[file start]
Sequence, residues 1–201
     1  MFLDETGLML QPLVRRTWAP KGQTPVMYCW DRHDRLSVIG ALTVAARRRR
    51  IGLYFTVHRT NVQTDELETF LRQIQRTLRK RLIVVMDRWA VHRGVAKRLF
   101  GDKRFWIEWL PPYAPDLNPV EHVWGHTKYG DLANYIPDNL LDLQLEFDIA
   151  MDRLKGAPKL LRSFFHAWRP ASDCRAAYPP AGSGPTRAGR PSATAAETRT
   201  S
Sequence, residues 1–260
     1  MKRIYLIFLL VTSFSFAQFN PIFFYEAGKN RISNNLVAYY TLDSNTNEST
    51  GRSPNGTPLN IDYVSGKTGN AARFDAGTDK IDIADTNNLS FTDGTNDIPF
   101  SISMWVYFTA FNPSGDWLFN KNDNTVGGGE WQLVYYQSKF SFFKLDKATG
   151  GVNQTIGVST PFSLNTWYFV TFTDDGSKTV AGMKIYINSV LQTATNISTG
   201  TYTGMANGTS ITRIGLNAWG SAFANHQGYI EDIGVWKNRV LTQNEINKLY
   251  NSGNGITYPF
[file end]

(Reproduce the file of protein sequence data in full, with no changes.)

Sequence, residues 1–201
     1  MFLDETGLML QPLVRRTWAP KGQTPVMYCW DRHDRLSVIG ALTVAARRRR
    51  IGLYFTVHRT NVQTDELETF LRQIQRTLRK RLIVVMDRWA VHRGVAKRLF
   101  GDKRFWIEWL PPYAPDLNPV EHVWGHTKYG DLANYIPDNL LDLQLEFDIA
   151  MDRLKGAPKL LRSFFHAWRP ASDCRAAYPP AGSGPTRAGR PSATAAETRT
   201  S
Sequence, residues 1–260
     1  MKRIYLIFLL VTSFSFAQFN PIFFYEAGKN RISNNLVAYY TLDSNTNEST
    51  GRSPNGTPLN IDYVSGKTGN AARFDAGTDK IDIADTNNLS FTDGTNDIPF
   101  SISMWVYFTA FNPSGDWLFN KNDNTVGGGE WQLVYYQSKF SFFKLDKATG
   151  GVNQTIGVST PFSLNTWYFV TFTDDGSKTV AGMKIYINSV LQTATNISTG
   201  TYTGMANGTS ITRIGLNAWG SAFANHQGYI EDIGVWKNRV LTQNEINKLY
   251  NSGNGITYPF